The table below, courtesy of the Social CRM Wiki illustrates the main differences. Getting to acknowledge them is a sure step towards business success. Failing to do so will irremediably see your business overtaken by the competition.

CRM 1.0 v. CRM 2.0: A Comparative Table
CRM 1.0 Features/Functions CRM 2.0 Features/Functions

Definition: CRM is a philosophy & a business strategy, supported by a system and a technology, designed to improve human interactions in a business environment

Definition: CRM 2.0 is a philosophy & a business strategy, supported by a system and a technology, designed to engage the customer in a collaborative interaction that provides mutually beneficial value in a trusted & transparent business environment

Tactical and operational:

Customer strategy is part of corporate strategy

Strategic: Customer strategy IS corporate strategy

Relationship between the company and the customer was seen as enterprise managing customer – parent to child to a large extent

 

Relationship between the company and the customer are seen as a collaborative effort. And yet, the company must still be an enterprise in all other aspects

Focus on Company <> Customer Relationship

 

Focus on all iterations of the relationships (among company, business partners, customers) and specifically focus on identifying, engaging and enabling the “influential” nodes

The company seeks to lead and shape customer opinions about products, services, and the company-customer relationship.

The customer is seen as a partner from the beginning in the development and improvement of products, services, and the company-customer relationship

Business focus on products and services that satisfy customers

 

Business focus on environments & experiences that engage customer

Customer facing features – sales, marketing & support.

 

Customer facing both features and the people who’s in charge of developing and delivering those features

Marketing focused on processes that sent improved, targeted, highly specific corporate messages to customer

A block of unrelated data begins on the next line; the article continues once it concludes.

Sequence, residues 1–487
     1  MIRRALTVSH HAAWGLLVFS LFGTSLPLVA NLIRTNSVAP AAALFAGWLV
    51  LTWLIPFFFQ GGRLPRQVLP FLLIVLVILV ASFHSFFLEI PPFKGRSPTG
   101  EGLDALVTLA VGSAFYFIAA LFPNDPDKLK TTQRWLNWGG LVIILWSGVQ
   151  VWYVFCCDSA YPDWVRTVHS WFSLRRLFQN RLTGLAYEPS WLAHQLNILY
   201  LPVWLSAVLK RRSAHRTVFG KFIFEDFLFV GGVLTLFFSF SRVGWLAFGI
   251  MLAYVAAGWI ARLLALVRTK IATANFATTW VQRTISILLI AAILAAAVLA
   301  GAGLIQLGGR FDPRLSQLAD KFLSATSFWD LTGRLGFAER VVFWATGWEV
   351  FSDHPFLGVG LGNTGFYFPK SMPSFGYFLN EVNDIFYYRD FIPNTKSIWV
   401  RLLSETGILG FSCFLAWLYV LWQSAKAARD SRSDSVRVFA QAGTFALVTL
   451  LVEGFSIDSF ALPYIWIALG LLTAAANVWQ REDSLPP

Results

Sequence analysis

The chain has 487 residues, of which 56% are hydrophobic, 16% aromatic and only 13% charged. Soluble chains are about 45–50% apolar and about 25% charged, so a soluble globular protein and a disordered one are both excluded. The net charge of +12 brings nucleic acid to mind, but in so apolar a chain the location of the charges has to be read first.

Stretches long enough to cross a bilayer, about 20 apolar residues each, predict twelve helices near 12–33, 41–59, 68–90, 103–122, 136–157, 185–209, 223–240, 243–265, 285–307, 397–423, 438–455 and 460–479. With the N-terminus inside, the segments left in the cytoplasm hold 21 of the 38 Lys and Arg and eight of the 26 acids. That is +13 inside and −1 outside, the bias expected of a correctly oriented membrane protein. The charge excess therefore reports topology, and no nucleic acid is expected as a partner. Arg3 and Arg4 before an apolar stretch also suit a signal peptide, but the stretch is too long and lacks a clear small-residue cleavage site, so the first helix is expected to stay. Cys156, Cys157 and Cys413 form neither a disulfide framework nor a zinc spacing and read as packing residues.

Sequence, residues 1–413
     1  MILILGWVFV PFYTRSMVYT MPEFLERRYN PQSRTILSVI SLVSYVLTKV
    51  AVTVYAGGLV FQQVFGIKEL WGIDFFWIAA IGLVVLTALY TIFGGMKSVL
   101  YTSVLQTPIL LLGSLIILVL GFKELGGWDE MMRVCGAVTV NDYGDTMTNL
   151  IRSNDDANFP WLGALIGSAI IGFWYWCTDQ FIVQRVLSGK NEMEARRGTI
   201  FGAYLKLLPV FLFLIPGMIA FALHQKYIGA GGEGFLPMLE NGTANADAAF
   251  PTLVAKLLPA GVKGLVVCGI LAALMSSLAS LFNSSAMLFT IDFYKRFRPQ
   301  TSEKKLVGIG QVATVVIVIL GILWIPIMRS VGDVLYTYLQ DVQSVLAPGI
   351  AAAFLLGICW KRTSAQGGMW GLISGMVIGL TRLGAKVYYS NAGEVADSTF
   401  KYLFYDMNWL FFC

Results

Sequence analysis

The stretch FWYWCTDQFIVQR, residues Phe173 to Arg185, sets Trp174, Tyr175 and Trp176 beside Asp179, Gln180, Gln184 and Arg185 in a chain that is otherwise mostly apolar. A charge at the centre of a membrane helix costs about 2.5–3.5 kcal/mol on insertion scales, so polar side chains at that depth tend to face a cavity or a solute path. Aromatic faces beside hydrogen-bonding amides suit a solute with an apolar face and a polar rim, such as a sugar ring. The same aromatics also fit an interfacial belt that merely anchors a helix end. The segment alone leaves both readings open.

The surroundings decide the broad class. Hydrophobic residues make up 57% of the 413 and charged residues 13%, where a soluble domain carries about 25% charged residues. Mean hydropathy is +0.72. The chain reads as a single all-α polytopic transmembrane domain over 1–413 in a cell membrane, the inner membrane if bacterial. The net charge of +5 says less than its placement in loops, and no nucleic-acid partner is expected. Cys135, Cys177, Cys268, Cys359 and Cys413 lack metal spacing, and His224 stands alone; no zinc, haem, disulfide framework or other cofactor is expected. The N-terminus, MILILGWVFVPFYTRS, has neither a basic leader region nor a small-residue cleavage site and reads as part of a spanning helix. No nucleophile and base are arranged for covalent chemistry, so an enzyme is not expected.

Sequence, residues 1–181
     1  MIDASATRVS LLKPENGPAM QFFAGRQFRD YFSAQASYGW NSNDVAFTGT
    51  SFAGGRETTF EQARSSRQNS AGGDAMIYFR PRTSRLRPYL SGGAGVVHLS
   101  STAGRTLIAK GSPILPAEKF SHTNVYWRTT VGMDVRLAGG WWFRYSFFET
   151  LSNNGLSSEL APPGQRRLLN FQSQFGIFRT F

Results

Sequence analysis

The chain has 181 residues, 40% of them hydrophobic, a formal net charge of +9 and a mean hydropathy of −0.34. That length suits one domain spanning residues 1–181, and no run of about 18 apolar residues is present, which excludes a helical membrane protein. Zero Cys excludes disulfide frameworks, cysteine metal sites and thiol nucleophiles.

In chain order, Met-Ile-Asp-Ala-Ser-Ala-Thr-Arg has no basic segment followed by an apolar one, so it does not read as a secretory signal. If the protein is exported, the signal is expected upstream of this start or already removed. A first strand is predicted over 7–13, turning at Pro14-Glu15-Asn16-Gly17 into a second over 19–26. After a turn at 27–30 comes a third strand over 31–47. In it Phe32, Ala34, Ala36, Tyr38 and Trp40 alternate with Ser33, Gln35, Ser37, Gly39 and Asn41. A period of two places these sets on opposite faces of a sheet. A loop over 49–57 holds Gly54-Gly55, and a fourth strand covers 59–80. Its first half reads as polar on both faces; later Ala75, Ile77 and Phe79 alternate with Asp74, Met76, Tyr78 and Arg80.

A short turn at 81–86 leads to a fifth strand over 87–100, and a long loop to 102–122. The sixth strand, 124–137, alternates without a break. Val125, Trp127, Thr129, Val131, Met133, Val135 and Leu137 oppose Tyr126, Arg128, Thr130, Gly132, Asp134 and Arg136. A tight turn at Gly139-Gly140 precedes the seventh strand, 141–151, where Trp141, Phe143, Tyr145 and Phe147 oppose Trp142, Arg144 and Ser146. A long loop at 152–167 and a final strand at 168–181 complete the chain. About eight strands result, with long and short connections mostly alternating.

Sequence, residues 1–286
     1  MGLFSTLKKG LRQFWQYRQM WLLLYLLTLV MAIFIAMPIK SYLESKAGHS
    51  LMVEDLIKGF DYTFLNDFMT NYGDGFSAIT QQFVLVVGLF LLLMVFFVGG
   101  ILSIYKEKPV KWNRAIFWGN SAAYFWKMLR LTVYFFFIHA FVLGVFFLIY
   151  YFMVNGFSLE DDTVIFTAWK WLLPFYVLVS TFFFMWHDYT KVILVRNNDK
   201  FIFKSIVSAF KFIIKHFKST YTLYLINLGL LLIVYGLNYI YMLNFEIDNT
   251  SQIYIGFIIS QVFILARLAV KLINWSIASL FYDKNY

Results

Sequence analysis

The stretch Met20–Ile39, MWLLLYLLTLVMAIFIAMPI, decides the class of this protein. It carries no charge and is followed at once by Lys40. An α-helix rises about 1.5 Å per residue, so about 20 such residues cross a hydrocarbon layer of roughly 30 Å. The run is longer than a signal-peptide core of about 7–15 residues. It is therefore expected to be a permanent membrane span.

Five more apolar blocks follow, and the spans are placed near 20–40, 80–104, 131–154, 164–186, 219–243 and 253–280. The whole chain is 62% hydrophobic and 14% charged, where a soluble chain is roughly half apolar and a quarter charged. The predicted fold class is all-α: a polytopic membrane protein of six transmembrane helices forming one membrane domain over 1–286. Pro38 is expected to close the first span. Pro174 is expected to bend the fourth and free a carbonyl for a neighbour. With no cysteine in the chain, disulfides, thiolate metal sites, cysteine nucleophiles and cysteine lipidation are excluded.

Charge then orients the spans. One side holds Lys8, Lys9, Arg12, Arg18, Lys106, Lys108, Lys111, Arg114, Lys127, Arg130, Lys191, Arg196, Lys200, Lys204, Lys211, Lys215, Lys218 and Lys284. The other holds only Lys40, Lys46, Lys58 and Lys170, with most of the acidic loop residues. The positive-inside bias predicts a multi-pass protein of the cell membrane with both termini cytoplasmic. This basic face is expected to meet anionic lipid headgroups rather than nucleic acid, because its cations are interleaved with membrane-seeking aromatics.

Marketing focused on building relationship with customer – engaging customer in activity and discussion, observing and re-directing conversations and activities among customers

 

Intellectual Property protected with all legal might available

Intellectual property created and owned together with the customer, partner, supplier, problem solver

 

Insights and effectiveness were optimally achieved by the single view of the customer (data) across all channels by those who needed to know. Based on “complete” customer record and data integration

Insights are a considerably more dynamic issue and are based on 1) customer data 2) customer personal profiles on the web and the social characteristics associated with them 3) customer participation in the activity acquisition of those insights

Resided in a customer-focused business ecosystem

Resides in a customer ecosystem 

 

Technology focused around operational aspects of sales, marketing, support

Technology focused on both the operational and social aspects of the interaction

Tools are associated with automating functions

Integrates social media tools into apps/services: blogs, wikis, podcasts, social networking tools, content sharing tools, user communities, tools are associated with communicating

Utilitarian, functional, operational style and design also matter
mostly uni-directional always bi-directional
Based on a toolset (software) Based on a strategy (corporate culture)
Consumers are clearly indicating that the option to respond online, appropriate timing and accurate personalisation are very important to them